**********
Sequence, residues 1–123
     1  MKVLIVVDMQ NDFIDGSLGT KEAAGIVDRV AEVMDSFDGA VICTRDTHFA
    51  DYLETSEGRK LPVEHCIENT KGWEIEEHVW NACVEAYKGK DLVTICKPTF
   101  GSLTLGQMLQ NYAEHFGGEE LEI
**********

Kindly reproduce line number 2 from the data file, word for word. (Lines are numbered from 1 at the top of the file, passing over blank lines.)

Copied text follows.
     1  MKVLIVVDMQ NDFIDGSLGT KEAAGIVDRV AEVMDSFDGA VICTRDTHFA